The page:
Parent and Family Guide for Undocumented Students

Applying for college can be stressful for the parents and family of undocumented students. Read this guide and see how you can help your student succeed.

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by Meg Whitenton

Updated October 3, 2022

Reviewed by Susana Muñoz, Ph.D.

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Parent and Family Guide for Undocumented Students
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Each year, undocumented students make significant contributions to higher education and, ultimately, the U.S. workforce. A 2020 report by the Migrant Policy Institute indicated undocumented students account for 2% of all college students in the U.S., with enrollment increasing since 2017.

Undocumented students benefit from having a strong support system while pursuing a degree — especially first-generation college students. The following guide helps undocumented students and their families navigate the college selection and application process, including topics related to financial aid, scholarships, and career planning.

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Guide for Parents and Family of Undocumented Students

Can Undocumented Students Apply to College?

Applying to college can seem daunting for many students, including undocumented students and their families. Applicants must be diligent about following instructions and meeting deadlines for submitting materials.

Undocumented students should start researching schools early in high school. Many colleges and universities post information about resources and admission policies related to undocumented students online. Students can also reach out to a guidance counselor at their high school to get help with this.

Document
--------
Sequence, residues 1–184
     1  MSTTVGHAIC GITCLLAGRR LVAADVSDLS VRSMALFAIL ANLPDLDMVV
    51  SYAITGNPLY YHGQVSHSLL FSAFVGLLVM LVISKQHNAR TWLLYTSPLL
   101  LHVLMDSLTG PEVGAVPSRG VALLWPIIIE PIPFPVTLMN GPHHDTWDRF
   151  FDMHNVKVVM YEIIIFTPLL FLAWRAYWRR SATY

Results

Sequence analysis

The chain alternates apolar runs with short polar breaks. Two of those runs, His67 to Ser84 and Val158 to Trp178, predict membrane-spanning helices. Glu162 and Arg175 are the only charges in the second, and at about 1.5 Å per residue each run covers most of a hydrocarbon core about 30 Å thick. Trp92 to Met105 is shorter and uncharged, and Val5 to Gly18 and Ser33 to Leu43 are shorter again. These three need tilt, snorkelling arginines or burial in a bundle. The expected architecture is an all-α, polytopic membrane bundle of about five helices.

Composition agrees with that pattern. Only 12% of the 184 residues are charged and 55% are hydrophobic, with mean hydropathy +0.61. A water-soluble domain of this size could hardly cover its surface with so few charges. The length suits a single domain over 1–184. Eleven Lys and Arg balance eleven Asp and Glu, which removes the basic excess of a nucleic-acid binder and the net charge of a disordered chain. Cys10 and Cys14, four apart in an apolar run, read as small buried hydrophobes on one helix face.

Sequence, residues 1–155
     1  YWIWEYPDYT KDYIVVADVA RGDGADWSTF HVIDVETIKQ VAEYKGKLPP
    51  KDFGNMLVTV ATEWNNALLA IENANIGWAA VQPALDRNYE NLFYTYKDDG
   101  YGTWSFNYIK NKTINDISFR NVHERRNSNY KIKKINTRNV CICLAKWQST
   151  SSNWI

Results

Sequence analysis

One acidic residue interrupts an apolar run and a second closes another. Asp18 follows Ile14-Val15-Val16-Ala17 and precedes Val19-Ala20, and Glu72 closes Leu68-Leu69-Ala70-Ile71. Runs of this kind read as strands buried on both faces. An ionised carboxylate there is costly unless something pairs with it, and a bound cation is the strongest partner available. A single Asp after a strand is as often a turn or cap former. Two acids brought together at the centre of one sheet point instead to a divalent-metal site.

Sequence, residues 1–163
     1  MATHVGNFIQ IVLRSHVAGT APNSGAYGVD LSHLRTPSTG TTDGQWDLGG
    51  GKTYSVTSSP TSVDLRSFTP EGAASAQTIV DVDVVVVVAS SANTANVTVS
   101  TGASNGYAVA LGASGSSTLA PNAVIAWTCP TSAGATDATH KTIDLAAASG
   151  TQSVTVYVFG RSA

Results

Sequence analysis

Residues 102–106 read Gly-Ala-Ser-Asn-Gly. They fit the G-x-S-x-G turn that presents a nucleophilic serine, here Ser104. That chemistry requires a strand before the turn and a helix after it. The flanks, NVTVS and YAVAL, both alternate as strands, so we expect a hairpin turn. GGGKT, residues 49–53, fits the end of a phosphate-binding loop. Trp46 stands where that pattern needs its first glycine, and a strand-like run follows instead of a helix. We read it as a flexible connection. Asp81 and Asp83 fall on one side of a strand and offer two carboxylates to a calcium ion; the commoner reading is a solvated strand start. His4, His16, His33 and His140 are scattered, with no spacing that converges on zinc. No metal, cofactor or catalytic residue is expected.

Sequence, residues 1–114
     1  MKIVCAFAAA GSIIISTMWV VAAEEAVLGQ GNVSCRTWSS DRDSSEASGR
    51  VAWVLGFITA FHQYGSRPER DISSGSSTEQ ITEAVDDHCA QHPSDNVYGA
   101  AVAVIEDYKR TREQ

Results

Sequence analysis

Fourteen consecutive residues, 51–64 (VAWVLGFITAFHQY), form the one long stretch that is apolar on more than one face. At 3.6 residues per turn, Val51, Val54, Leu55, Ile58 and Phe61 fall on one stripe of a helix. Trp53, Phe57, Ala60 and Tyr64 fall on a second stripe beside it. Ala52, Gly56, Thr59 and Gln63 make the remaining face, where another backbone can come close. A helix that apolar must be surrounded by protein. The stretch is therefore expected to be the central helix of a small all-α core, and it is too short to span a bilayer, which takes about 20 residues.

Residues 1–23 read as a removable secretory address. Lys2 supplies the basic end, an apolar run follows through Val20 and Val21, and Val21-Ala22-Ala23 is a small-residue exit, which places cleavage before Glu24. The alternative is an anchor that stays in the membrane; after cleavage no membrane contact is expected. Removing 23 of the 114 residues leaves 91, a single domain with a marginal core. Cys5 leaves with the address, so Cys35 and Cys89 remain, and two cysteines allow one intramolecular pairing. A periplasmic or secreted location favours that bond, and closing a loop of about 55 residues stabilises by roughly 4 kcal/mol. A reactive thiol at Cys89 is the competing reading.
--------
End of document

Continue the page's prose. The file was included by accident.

There is currently no federal law that prevents colleges from admitting undocumented students; however, individual states set their own policies for considering a student's immigration status for enrollment and tuition purposes. Some states, including Alabama, Georgia, and South Carolina, prohibit undocumented students from enrolling at public postsecondary institutions.

Undocumented students do not typically need to prove citizenship to attend college. When prompted to enter their "country of citizenship" and Social Security number on a college application, undocumented students can simply choose "no selection" and skip the question. In some cases, they can enter their Taxpayer Identification Number (TIN) or Alien Registration Number. Colleges cannot legally report undocumented students to federal immigration services.

Navigating Financial Aid as an Undocumented Student

Prospective college students must navigate general application and financial aid processes at the same time. Undocumented students without a Social Security number cannot qualify for need-based federal aid like Pell Grants, but they can locate and apply for aid from other sources.

While undocumented students cannot receive federal financial aid, they may attend schools that offer state-funded grants and scholarships. Most states do not allow undocumented students to qualify for in-state tuition rates. However, California, Minnesota, New Mexico, Texas, and Washington enable undocumented students to pursue in-state tuition rates and state-based funds.

Many scholarships and grants specifically serve undocumented students. Private scholarships offered by a variety of organizations, such as TheDream.Us and the Mexican American Legal Defense and Educational Fund, evaluate candidates based on other criteria regardless of immigration status. Additionally, undocumented students may qualify for merit-based internships and fellowships.